Workers' compensation systems could see a 20% reduction in new claims this year because of the coronavirus pandemic, according to a study released Monday by Skaneateles, New York-based Health Strategy Associates LLC.
In late May, the consultant asked for 35 workers' compensation for workers representing large state funds and insurance companies, third-party administrators, and large self-insured and self-managed employers about their expectations of labor compensation costs amid the pandemic.
"Although respondents are somewhat concerned about presumption laws, the major impact has not come from COVID-19 claims and their costs," said Joe Paduda, rector of Health Strategy Associates.
Respondent service providers said that new employees compensated claims fell by as much as 50%, with occupational medical clinics, transportation companies, imaging, physiotherapy, field case management and independent medical providers taking the biggest hit, according to the survey.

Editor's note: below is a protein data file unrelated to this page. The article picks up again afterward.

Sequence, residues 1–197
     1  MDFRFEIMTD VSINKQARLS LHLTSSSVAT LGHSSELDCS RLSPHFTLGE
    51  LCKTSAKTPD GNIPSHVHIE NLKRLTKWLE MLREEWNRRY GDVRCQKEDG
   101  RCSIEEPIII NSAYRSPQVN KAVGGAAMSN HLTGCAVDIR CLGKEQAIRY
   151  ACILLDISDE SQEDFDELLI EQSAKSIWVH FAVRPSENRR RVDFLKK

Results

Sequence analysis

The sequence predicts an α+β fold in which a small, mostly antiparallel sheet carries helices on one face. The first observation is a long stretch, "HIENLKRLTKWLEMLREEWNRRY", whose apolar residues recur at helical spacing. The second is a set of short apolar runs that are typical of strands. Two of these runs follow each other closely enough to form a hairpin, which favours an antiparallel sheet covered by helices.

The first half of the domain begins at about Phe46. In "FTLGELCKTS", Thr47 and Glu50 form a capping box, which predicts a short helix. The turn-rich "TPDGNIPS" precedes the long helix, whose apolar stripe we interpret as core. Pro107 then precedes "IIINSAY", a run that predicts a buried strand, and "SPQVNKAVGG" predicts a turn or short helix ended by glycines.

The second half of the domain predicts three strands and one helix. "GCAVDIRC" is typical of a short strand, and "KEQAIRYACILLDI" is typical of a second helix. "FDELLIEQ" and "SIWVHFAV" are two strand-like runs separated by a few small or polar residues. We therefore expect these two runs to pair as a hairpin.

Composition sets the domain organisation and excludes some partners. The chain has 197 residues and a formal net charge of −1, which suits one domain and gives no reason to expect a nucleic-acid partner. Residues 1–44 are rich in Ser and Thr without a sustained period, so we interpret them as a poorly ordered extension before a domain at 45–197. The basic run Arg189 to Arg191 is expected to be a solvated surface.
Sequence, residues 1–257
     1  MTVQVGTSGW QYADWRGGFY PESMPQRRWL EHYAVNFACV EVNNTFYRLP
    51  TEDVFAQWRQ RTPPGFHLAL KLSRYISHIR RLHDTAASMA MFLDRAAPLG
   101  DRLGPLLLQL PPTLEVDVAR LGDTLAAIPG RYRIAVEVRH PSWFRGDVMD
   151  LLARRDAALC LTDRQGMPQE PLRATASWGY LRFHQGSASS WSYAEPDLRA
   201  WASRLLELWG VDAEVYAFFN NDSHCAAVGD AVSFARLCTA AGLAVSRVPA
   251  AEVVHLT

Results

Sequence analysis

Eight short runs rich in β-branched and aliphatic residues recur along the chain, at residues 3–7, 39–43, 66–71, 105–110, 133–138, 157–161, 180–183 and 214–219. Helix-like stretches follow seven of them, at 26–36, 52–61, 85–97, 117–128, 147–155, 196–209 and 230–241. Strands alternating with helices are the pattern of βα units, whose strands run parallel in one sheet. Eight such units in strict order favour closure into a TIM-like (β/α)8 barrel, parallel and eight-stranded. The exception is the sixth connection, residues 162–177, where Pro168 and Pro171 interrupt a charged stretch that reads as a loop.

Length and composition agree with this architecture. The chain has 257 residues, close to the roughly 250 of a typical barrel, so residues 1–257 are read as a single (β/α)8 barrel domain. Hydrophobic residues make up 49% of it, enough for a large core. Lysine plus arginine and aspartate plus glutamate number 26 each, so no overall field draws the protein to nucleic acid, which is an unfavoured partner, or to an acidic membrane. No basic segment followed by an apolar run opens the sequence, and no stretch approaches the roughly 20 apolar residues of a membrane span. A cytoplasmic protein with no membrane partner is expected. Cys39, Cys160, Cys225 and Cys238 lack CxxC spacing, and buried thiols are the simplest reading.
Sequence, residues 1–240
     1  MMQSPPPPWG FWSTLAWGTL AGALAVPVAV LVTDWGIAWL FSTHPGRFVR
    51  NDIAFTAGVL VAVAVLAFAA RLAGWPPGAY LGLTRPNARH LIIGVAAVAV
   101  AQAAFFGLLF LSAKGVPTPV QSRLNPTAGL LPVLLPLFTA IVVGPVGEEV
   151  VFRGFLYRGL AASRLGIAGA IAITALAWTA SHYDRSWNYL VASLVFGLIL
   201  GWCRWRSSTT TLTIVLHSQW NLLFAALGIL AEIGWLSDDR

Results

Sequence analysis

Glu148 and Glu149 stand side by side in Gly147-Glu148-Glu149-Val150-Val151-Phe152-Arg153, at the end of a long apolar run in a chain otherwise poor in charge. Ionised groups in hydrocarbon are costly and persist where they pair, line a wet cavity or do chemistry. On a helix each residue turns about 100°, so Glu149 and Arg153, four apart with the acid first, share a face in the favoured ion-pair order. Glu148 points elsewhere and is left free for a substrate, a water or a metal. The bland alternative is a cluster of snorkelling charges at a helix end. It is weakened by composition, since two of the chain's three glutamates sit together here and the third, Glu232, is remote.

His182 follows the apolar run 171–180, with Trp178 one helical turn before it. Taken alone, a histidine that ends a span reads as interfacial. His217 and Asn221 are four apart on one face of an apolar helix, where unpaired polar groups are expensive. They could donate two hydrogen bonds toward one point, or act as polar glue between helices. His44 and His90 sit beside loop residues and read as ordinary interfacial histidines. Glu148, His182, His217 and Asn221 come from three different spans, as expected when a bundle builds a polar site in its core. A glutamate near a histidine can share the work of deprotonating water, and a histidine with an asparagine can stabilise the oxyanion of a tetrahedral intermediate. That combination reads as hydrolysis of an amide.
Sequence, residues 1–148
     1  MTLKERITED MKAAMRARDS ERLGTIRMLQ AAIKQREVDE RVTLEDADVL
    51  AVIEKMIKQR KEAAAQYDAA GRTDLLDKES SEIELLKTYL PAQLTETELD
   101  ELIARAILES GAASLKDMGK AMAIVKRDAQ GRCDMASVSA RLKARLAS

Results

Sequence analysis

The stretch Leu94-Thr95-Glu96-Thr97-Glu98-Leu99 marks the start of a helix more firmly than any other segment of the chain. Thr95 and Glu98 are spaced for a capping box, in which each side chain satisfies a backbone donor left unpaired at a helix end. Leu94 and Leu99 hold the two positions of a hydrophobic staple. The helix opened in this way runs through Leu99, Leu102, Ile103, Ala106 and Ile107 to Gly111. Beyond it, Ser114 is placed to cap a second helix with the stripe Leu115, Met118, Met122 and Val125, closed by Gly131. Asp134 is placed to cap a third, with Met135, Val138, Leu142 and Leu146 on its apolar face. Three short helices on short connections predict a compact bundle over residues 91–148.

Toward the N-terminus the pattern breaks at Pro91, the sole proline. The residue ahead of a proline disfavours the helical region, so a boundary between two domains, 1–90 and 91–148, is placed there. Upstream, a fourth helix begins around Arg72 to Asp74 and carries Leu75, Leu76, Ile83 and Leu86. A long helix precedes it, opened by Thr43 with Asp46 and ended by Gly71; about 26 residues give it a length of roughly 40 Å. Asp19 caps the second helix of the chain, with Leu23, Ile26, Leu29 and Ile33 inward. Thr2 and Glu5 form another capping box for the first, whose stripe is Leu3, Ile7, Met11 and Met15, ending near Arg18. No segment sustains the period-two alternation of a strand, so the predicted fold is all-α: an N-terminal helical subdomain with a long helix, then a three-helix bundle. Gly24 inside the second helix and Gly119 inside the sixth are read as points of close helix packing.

The study also found that payers expect grant reductions driven by company closures and pay cuts and also expect to see increased disability for non-COVID-1
The survey participants also noted that the pandemic has led to explosive growth in telemedicine and that they believe the use of telehealth and telephone case management will have a positive impact on workers' comp industry.
More insurance and labor news about the coronavirus crisis here .